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The downmass capability was one of the US Air Force's requirements in the Space Shuttle design. It was planned that the shuttle would retrieve spy satellites from orbit for refurbishing. This ability was used at least once in the retrieval of Westar 6 during STS-51A. There was plan for Columbia to retrieve the Hubble Space Telescope prior to STS-107.

Currently, programs such as Robotic Refueling Mission aim to develop robotic means to service satellites.

Energy-wise, in-orbit service will be much cheaper to perform. During the Cold War, this ability could be used to capture satellites of hostile states. However, is satellite retrieval still relevant give the progress of in-orbit service? (For example, other than sentimental value, is it worthwhile to bring back the HST?)

I know that, as of 2017, after the retirement of the space shuttle, mankind has limited capabilities to perform either task.

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Recovering old satellites for servicing isn't currently worthwhile, but it wasn't particularly relevant forty years ago either.

The downmass requirement was never about recovering old satellites. A new satellite is expensive, but after years of micrometeorites, irradiation, vacuum welding and a 500 degree temperature change every hour or so, it isn't worth much more than scrap value even if the design isn't thoroughly obsolete by that point.

There are two obvious exceptions to that - new satellites in the wrong orbit, and seventies era spy satellites (your own, not someone else's).

Westar 6 was a brand new satellite with a dud upper stage. It didn't really need to come back to earth - the most efficient fix would be sending a small tug to push it into the right orbit. A small tug was not immediately available but a shuttle was, so it got landed and relaunched.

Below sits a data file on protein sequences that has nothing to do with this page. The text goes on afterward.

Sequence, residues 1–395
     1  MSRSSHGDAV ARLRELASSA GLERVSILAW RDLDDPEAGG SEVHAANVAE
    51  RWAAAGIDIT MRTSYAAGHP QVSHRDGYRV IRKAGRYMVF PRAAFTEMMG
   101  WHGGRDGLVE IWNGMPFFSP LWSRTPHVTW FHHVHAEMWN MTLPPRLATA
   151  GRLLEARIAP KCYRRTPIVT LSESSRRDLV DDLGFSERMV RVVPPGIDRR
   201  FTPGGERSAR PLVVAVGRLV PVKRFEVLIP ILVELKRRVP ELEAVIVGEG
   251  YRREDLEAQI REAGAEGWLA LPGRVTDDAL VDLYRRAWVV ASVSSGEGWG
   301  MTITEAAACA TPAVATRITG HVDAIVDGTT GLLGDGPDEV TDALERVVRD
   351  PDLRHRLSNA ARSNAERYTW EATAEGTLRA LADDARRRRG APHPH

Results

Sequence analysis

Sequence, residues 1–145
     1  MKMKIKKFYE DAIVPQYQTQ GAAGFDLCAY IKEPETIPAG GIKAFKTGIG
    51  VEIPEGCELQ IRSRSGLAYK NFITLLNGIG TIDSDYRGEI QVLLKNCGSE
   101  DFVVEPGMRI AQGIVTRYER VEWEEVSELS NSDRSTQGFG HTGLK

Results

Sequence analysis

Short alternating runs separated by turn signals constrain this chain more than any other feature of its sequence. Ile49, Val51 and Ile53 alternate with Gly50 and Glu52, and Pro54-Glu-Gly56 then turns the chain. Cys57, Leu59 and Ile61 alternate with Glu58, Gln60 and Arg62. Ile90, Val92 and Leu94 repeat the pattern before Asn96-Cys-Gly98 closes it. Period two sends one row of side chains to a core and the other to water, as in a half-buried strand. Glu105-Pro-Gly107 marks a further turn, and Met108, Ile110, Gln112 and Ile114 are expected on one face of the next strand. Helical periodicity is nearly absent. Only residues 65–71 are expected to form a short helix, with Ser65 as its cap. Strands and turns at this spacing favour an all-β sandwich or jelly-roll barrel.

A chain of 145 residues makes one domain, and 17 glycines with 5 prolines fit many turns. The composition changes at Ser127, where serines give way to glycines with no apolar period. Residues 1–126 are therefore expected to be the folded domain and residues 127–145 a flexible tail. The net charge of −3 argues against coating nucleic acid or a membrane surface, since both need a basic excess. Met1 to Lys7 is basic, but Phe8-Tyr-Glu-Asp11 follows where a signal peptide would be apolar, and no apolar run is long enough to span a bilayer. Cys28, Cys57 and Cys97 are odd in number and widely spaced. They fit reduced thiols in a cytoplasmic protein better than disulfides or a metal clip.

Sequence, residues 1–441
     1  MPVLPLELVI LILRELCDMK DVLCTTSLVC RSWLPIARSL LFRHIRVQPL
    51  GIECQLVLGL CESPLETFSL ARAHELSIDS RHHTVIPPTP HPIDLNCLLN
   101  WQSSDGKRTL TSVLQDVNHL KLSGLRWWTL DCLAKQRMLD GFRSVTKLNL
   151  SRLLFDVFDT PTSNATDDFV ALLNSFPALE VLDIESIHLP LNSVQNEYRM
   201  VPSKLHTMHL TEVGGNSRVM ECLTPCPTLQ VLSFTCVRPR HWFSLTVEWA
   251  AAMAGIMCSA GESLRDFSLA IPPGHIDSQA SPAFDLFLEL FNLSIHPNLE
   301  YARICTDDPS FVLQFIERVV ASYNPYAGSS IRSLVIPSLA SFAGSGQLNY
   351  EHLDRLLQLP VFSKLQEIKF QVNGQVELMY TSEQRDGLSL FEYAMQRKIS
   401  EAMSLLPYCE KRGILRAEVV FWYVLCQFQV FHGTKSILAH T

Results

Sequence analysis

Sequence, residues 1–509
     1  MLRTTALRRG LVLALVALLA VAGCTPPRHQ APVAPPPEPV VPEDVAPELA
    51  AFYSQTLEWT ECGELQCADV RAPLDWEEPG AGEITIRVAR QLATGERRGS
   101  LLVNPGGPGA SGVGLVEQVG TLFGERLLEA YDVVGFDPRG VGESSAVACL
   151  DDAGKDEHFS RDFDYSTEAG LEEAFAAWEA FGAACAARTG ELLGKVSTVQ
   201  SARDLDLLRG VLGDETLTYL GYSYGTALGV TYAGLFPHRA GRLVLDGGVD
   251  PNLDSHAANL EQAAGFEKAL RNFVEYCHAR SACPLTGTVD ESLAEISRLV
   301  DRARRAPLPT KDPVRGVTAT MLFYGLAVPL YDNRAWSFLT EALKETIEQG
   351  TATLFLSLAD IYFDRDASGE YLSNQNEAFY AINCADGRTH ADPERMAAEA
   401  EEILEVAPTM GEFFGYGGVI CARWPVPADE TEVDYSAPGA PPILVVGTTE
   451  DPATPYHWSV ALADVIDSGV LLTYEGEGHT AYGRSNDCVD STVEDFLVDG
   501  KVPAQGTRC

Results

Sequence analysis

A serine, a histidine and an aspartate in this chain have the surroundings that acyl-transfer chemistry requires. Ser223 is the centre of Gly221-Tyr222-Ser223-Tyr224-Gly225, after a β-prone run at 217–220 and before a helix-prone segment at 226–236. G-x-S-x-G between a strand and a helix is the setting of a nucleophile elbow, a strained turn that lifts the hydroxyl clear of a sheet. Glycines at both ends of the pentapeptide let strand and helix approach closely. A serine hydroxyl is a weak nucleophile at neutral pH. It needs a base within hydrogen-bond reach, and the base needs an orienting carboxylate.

The shuttle was designed a long time before digital cameras could match the quality of film. Spy satellites of that era had to drop small reentry capsules containing the exposed film. Once the film ran out within a few weeks of launch, the only option was letting all the expensive optics burn up in the atmosphere. Being able to cheaply recover the whole satellite would have been very useful.

If the shuttle had lived up to its promise as a cheap and reusable vehicle, it might have made sense to launch with one KH-9 in the payload bay and return with an empty one from the same orbit.

However, even that sort of satellite recovery wouldn't have been the best way to make use of downmass. Mount a large camera in the payload bay, possibly even permanently, and use the shuttle itself as the spy satellite. Note that satellite recovery only happened once, but Spacelab utilized the downmass capability 20-30 times depending on what you count.

As for the present day situation, retrieving old satellites remains largely pointless, and digital cameras have removed the spy satellite exception. Spacelab was replaced by delivering equipment to/from ISS. That does require some generic downmass capability, but not a vehicle as big as the shuttle.

Recovering Hubble would be bringing back a museum piece, just because we can - I certainly wouldn't expect it to be worth relaunching thirty year old hardware.

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